‘Poor personalization can drive disengagement just as often as good personalization drives engagement. It’s not enough to just use the data you have available; you must create content that utilizes that data and makes your consumer feel like you know more about them than just their name and company.’ BARE shares an article by Justin Sharaf for Total Retail about maximizing personalization.
‘Customer experience has been all the rage in B-to-B marketing, but it’s given way to defined, personalized journeys for win-win scenarios for each consumer.
I recently received an email that opened with, “Hi Justin,” and thought, “Maybe this company will do it right.” Unfortunately, the rest of the email was a big disappointment and I wasn’t interested. Unsubscribe, delete, goodbye.
Poor personalization can drive disengagement just as often as good personalization drives engagement.
It’s not enough to just use the data you have available; you must create content that utilizes that data and makes your consumer feel like you know more about them than just their name and company.
At my company, we had a great piece of content that we were using for lead generation. It was so great that we also used it in the first email of our nurture program. Guess what happened? People who entered our funnel because they engaged with this great piece of content were then receiving an email the next day asking them to engage with that same piece. At least we started the email with, “Dear Jane” and included, “We know that companies like ACME are interested in content like this.”
So it was personalized, right? Wrong!
Great personalization is best when the person doesn’t even realize the extent of your personalization efforts. It’s best when they think, “Wow, this is exactly the content I wanted and I didn’t realize I wanted it!” It’s not apparent to the email recipient that all you’re doing is using the information you know about them to make their experience better.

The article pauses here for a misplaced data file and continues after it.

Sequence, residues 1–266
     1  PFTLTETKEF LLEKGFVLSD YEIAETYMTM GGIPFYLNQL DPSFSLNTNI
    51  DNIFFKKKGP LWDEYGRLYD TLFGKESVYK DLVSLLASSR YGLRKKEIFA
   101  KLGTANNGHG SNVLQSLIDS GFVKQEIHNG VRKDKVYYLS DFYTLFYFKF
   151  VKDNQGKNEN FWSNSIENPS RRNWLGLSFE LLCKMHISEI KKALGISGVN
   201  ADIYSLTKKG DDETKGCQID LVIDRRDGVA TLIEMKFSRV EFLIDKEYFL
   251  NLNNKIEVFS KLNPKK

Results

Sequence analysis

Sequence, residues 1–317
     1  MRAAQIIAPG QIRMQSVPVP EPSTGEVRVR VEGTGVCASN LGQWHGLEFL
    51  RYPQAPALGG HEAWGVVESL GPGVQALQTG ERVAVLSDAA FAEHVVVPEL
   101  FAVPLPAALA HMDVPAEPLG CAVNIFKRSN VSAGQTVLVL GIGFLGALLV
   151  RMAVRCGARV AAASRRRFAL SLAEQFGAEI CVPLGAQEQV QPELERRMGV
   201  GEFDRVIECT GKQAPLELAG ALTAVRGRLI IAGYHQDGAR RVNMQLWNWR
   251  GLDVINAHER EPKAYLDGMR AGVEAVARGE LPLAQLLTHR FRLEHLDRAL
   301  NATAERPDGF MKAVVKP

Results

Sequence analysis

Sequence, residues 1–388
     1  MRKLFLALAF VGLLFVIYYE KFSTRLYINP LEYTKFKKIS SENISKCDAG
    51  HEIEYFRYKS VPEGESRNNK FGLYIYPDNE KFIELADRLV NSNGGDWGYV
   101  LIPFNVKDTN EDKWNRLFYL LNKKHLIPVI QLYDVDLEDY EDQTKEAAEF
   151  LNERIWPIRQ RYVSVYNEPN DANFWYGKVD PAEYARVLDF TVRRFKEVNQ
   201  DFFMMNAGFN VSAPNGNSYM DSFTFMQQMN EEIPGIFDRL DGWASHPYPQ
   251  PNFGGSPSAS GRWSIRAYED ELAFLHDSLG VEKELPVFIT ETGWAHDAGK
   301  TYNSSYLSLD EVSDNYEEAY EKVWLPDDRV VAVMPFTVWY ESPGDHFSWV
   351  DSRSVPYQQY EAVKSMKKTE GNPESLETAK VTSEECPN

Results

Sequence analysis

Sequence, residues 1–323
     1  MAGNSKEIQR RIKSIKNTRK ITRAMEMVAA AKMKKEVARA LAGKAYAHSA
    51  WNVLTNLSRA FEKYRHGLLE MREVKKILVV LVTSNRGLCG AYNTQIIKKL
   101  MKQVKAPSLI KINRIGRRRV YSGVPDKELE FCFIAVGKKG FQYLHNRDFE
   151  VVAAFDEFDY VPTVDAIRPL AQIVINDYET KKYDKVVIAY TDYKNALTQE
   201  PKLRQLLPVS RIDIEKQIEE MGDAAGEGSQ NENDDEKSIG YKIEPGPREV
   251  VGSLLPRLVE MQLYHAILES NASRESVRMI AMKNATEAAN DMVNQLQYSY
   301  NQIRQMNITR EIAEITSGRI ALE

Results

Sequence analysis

There’s a lot of talk about data privacy and the need for consumers to be protected from companies collecting and using personal data about their customers. However, wouldn’t most consumers prefer to be delivered content that interests them, rather than content that doesn’t?
If I’m searching for clothes, I want to see styles and sizes that appeal to me. Am I the only one who sees a great sale on hoodies or jackets in an email and then is disappointed to find out it’s only available in XXL or XS on the website? Showing me only the styles that are available in my size is a perfect type of personalization that isn’t creepy or intrusive at all!
This same concept applies to B-to-B. I don’t want to receive an email about a blog post I’ve already read. If I’m in the healthcare industry, I don’t want to see a case study about a pet food company. If I’m in marketing, I don’t want to see content geared toward HR.
When I’m on a website, I want to be able to easily see content that interests me, and I don’t want to spend time trying to find it.
In order to do that, companies need to collect and manage data about their customers, and customers must be OK with that. Customers cannot have their cake and eat it too. If they want to have great online experiences, they must be willing to give up a little of their privacy.
So how do companies provide great personalization? First, they must have a mechanism to collect the data. Ideally that’s a customer data platform (CDP), but it might be a marketing automation platform or a data warehouse. Then, they decide what journeys are most important to their customers and map those journeys out. Next, they create content that maps to that journey. And finally, they have integrated delivery channels like a website or a marketing automation platform, or a mobile application, that can deliver the right content to the right people at the right time.
Companies that are consistently exceeding customer expectations amidst today’s ever-changing conditions are adding personalization to the customer experience.’
Read the original article in full here.
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Disclaimer of endorsement: Any reference obtained from this article to a specific business, product, process, or service does not constitute or imply an endorsement by BARE International of the business, product, process, or service, or its producer or provider.